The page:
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Secretary of State John Kerry voiced deep concern to Bahrain for expelling an American envoy and making "unacceptable demands" that foreign ministry personnel attend his private meetings, the State Department said Monday.
Kerry also told Foreign Minister Khalid bin Ahmed bin Mohammed Al-Khalifa in a "frank" phone call Sunday that Washington was displeased that the Gulf state charged two leaders of Bahrain's largest Shiite opposition movement who met with the US official earlier this month, a senior State Department official said.
Bahrain ordered Assistant Secretary of State for Democracy, Human Rights and Labor, Tom Malinowski, out of the country last week, accusing him of meddling in the country's internal affairs.
Kerry "expressed our deep concern over the expulsion," the official said.
"Secretary Kerry reiterated our view that the government of Bahrain's demand to have a foreign ministry representative present at private meetings between US diplomats and Bahraini political figures is an unacceptable requirement that runs contrary to international diplomatic protocol."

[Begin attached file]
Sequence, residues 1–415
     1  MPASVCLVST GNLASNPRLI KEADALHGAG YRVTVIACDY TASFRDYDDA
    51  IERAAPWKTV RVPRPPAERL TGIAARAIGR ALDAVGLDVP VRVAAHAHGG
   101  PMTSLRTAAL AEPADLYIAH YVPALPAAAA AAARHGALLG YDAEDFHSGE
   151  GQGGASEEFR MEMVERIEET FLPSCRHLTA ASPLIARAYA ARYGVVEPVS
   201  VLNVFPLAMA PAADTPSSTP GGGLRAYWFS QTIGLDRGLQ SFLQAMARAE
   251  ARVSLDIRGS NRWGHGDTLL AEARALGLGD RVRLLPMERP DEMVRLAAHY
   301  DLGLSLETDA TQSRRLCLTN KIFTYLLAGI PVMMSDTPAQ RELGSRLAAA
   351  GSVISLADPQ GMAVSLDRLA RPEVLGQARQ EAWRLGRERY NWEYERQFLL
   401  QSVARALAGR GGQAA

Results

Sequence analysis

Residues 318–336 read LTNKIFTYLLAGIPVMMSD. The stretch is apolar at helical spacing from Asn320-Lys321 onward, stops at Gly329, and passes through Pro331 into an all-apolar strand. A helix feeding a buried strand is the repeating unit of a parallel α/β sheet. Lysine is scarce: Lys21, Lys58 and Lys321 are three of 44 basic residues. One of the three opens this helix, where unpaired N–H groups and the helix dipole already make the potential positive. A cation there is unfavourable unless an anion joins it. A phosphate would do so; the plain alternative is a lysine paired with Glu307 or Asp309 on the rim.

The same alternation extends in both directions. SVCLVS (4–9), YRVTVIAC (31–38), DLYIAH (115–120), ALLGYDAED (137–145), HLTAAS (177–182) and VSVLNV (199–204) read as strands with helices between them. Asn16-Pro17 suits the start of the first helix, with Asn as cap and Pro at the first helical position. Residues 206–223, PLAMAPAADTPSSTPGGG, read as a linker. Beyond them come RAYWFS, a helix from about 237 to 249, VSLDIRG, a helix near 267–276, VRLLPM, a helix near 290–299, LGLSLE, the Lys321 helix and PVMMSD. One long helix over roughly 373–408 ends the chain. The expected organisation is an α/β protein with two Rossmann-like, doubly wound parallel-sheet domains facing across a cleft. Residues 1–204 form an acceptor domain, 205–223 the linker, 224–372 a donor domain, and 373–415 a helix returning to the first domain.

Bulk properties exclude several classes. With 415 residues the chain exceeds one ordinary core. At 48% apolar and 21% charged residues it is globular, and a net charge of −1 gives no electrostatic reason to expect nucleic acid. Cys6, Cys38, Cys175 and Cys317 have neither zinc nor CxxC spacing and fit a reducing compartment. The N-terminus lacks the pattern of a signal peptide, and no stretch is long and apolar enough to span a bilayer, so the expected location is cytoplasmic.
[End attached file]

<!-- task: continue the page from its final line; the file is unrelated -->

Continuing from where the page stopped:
Malinowski's visit had been coordinated in advance with Sunni-ruled Bahrain, which the State Department has said has been "well-aware" that US government officials routinely meet with various officially-recognized political movements.
But Washington said last week that Bahrain suddenly insisted, without advance warning and after Malinowski's visit began, on a ministry representative present at the envoy's private meetings, including those held at the US embassy.
Kerry "also made clear our concerns with the charges filed by the government of Bahrain against opposition figures for their participation in meetings with the assistant secretary," the officials said.
"The secretary underscored that our actions should be consistent with our strong bilateral relationship," and that both sides "recommit to the reconciliation process" in Bahrain.
Authorities charged cleric Ali Salman, the head of Al-Wefaq association, and his political assistant, ex-MP Khalil Marzooq, with contacting a representative of a foreign government in violation of Bahrain's law on political associations, prosecutors said.
The US Navy's Fifth Fleet, which is responsible for naval forces in the Gulf, is headquartered in Bahrain.